Each day, millions of people move around the world with Uber. The associated financial transactions are stored in Uber’s Ledger Store with provable completeness backed by Amazon DynamoDB. In this session, we discuss why provable completeness is key for compliant storage of financial and other ledger-like use cases, and we explain how this can be implemented at global scale by using DynamoDB.
Verizon Media had to create a better, stronger, and faster push notification system to serve the requirements of iconic Verizon brands, fulfill push notification completion time of 27 million devices in under three minutes, and consistently show the push “toast” on all users’ lock screens. Verizon decided to use Amazon DynamoDB and other AWS services such as Amazon ElastiCache and Amazon SQS in conjunction with its own Vespa search engine to power all the use cases of its brands. It also uses Kubernetes to orchestrate microservices across many Amazon EC2 instances.
AWS Step Functions now supports workflow execution events, which make it faster and easier to build and monitor event-driven, serverless workflows. Execution event notifications can be automatically delivered when a workflow starts or completes through CloudWatch Events, reaching targets like AWS Lambda, Amazon SNS, Amazon Kinesis, or AWS Step Functions for automated response to the event.
You can enable CloudWatch Event notifications for Step Functions in minutes. Customers simply have to identify the state machine, what event changes are of interest, and the targets for the notification.
AWS Step Functions allows you to add resilient workflow automation to your applications. The steps of your workflow can exist anywhere, including in AWS Lambda functions, on Amazon EC2, or on-premises. AWS Step Functions is also integrated with Amazon ECS, AWS Fargate, Amazon DynamoDB, Amazon SNS, Amazon SQS, AWS Batch, AWS Glue, and Amazon SageMaker. You can connect and coordinate all these services in minutes—without writing code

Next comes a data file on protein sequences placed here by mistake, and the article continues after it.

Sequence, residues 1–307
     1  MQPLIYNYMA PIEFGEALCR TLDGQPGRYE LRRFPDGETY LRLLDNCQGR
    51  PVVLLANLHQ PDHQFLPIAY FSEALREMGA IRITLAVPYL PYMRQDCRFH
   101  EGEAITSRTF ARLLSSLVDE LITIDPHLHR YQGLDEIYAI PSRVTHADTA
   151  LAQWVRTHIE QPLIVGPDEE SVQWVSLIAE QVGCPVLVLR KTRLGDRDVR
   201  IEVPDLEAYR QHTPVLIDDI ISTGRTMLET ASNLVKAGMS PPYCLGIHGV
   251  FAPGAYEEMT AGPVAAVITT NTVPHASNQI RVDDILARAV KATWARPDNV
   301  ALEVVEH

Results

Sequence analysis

To learn more:
AWS just announced the release of S3 Batch Operations. This is a hotly-anticpated release that was originally announced at re:Invent 2018. With S3 Batch, you can run tasks on existing S3 objects. This will make it much easier to run previously difficult tasks like retagging S3 objects, copying objects to another bucket, or processing large numbers of objects in bulk.
In this post, we’ll do a deep dive into S3 Batch. You will learn when, why, and how to use S3 Batch. First, we’ll do an overview of the key elements involved in an S3 Batch job. Then, we’ll walkthrough an example by doing sentiment analysis on a group of existing objects with AWS Lambda and Amazon Comprehend.
I have tried a few different ways of reporting Lambda errors to Slack, but haven’t found a reusable solution that gave all of the information I desired. I decided to solve that problem by creating my own Lambda layer. This solution doesn’t highlight the use of error logging, but is dynamic enough that you can just pass an error message into the layer.
For this to be useful to you, make sure you are familiar with the following:
1. AWS Lambda
2. Node JS
AWS introduced Lambda Layers at re:invent 2018 as a way to share code and data between functions within and across different accounts. It’s a useful tool and something many AWS customers have been asking for. However, since we already have numerous ways of sharing code, including package managers such as NPM, when should we use Layers instead?
In this post, we will look at how Lambda Layers works, the problem it solves and the new challenges it introduces. And we will finish off with some recommendations on when to use it.